Almond Prune Rye Bread

Does that combination sound odd to anyone else? Maybe it’s the word “prune”—it brings to mind images of old, wrinkly things (and old, wrinkly people), porridge, digestive problems…

Then again, the little baker in me also thinks of pleasant things like French armagnac tart, elegant frangipane and custardy clafoutis.

Whatever your initial reaction, please, please don’t let it stop you from trying this recipe. It’s, to say the least, intriguing…especially because of the caraway seeds and rye. I don’t even LIKE caraway seeds or rye bread. However, together with the sweet prunes and mild almonds, the flavors work. Really well. The original recipe called for cranberries and pecans; I wonder how they would work with the caraway and rye. Or what if I use rosemary instead of caraway next time? Now that is a combination worth getting excited about. 😛

So as I mentioned in my last post, I’m making an effort to bake organic on a budget and which I tried do with this bread. So, I’m not sure it was really worth it as I don’t think I actually saved anything: $2 for the bus, plus around $8 for the flour, the nuts and the prunes (were they watered with liquid gold or what). Oh, I want to be good to my body and to the environment so bad—but it it’s hard! I have to remember to think about the big picture: pay now or pay (exorbitant medical bills) later.

As for the process, I have no issues to report. Though, I did fight it out with the dough for about 30 minutes, having to knead by hand. But in the end, I won. Look at that loaf!! Crispy on the outside and chewy and aromatic on the inside.


Almond Prune Rye Bread (adapted from Bake at 350’s version of a Martha Stewart recipe)


1 cup almonds, roughly chopped

vegetable oil, for greasing the bowl

1 1/4 cups lukewarm water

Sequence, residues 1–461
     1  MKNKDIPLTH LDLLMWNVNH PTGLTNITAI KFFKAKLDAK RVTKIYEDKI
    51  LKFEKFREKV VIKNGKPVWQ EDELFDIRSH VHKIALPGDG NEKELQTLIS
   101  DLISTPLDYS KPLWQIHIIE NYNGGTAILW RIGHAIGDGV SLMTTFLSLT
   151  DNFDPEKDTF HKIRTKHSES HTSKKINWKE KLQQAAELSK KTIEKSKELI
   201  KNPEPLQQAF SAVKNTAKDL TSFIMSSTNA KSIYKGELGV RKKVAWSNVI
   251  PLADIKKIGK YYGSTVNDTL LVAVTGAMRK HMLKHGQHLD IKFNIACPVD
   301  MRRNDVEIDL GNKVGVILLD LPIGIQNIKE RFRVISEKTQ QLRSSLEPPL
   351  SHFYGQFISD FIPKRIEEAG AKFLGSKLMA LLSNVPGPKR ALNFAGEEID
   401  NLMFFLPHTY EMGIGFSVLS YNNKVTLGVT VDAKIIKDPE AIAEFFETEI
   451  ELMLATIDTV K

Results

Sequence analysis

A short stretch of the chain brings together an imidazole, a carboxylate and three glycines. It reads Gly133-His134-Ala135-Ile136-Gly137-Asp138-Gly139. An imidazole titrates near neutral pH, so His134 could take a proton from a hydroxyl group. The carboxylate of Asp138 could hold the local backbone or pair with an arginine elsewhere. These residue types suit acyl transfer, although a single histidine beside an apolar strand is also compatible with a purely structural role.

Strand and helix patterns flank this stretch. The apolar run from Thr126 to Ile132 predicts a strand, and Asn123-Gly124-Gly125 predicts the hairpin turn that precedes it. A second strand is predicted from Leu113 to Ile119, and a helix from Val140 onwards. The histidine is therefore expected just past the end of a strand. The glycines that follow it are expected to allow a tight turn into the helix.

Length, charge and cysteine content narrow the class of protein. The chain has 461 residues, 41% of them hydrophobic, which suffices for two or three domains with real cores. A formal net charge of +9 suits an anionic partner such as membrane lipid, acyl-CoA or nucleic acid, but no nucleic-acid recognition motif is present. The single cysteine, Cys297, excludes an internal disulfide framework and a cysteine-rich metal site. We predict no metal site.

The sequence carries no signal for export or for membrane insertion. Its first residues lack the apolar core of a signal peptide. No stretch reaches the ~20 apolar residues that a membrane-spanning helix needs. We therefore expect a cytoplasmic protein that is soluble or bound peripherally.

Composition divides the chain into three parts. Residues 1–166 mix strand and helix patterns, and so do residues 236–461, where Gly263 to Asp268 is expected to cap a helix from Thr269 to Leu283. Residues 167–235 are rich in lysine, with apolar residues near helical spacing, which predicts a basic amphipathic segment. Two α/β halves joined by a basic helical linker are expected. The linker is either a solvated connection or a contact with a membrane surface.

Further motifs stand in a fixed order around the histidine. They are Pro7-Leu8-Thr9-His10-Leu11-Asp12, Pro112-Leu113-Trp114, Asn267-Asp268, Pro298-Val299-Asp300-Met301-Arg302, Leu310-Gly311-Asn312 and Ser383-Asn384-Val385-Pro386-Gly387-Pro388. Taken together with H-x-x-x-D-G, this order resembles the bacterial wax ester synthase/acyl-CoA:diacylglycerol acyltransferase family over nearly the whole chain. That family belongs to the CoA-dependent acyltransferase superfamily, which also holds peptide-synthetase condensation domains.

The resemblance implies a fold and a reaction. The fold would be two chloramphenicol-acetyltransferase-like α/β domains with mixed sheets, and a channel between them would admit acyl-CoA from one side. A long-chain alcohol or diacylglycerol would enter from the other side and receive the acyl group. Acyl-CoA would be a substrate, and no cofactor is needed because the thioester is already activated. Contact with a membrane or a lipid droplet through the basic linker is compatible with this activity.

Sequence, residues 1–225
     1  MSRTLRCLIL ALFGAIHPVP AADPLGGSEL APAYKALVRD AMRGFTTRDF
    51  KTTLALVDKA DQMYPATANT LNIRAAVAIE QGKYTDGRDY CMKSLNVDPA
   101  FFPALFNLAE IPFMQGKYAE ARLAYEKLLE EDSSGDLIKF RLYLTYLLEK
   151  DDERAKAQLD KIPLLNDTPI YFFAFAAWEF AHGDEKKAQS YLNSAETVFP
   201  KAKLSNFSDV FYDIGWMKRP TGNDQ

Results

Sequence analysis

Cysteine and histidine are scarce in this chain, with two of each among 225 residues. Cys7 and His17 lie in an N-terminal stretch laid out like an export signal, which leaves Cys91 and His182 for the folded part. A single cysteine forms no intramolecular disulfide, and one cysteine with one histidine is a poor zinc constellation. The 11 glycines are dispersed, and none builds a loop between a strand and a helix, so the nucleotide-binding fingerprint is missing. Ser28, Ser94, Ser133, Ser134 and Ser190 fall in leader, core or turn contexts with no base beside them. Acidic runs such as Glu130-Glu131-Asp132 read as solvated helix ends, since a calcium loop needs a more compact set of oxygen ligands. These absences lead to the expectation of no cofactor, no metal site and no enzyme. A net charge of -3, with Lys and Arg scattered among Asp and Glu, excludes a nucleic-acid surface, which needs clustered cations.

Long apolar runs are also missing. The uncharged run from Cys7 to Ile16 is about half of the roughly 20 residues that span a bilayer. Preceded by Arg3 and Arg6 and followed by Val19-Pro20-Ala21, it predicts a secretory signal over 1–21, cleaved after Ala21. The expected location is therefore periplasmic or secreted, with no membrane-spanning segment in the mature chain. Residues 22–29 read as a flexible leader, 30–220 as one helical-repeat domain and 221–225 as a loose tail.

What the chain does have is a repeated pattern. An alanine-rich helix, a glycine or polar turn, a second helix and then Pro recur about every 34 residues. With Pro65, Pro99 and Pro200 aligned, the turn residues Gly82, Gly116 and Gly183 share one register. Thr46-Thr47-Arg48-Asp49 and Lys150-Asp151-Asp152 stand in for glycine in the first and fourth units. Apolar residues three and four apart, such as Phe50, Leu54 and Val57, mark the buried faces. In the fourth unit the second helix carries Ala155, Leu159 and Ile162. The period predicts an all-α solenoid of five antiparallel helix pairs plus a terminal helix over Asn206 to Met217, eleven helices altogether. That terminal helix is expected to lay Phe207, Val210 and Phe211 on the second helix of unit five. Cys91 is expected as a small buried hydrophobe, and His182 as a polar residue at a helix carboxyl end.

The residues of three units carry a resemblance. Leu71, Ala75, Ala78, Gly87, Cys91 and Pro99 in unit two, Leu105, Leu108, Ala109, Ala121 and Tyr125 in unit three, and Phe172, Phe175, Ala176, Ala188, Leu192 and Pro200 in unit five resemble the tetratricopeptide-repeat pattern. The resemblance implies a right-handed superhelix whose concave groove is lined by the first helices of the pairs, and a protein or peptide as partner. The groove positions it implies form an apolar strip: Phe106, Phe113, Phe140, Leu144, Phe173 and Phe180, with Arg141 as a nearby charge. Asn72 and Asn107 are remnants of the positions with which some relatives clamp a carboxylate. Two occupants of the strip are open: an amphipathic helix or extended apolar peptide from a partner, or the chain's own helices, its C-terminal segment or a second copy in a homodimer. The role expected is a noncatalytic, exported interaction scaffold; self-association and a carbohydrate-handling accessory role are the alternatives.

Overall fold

2 1/4 tsp instant yeast (or 2 1/2, plus 1/8 if using active dry)

2 cups bread flour

2 cups rye flour

2 tsp salt (the original called for 2 1/2; this seems a bit excessive to me)

2 tbsp organic evaporated cane sugar (original called for 1 tbsp)

1 1/2 tbsp caraway seeds (will add half that amount next time)

3/4 cup prunes, coarsely chopped

1 large egg, plus 1 tbsp water, for egg wash

sea salt for sprinkling (forgot to do this, but jeez, enough salt already!)


  1. In a large mixing bowl, stir together the yeast, flours, salt, sugar and caraway seeds. Add the water and mix with the paddle attachment on medium low until the dough comes together. (If using active dry yeast, activate the yeast in 1/2 cup lukewarm water—not above 105 F–by letting it sit for about 10 minutes, or until really foamy. Remember to reduce the amount of water you add later to 3/4 cup.)
  2. Switch to the dough hook and mix on medium speed, about 4-5 minutes, or until the dough is smooth and elastic. On low speed, add the cranberries and pecans. Transfer the dough to a lightly oiled bowl, cover with oiled plastic wrap (to prevent sticking) and let sit about 1 hour, or until doubled in bulk.
  3. Turn the dough out onto a lightly floured surface. (I used my Silpat; it’s a good reference for gauging size.) Roll out to a 13×10 inch rectangle, with the short side facing you. Fold in 1/2 inch flaps at each corner, i.e. doggy-ear the corners. Starting at the top, roll the dough towards you, gently pressing as you go to form a tight log. (Again, the Silpat is really helpful for this.) Roll back and forth gently to seal the bottom seam. Transfer the loaf to a baking sheet lined with parchment (or temporarily onto a cutting board and back onto your Silpat), cover and let sit for 45 minutes.
  4. Pre-heat the oven to 350 F (175 C).
  5. Beat the egg with 1 tbsp water. Brush the loaf generously with the egg wash and sprinkle with sea salt. Bake until the crust is a deep, golden brown, 35-40 minutes. (I rotated my loaf halfway through to ensure even baking.) Transfer to a wire rack and let cool completely before slicing.

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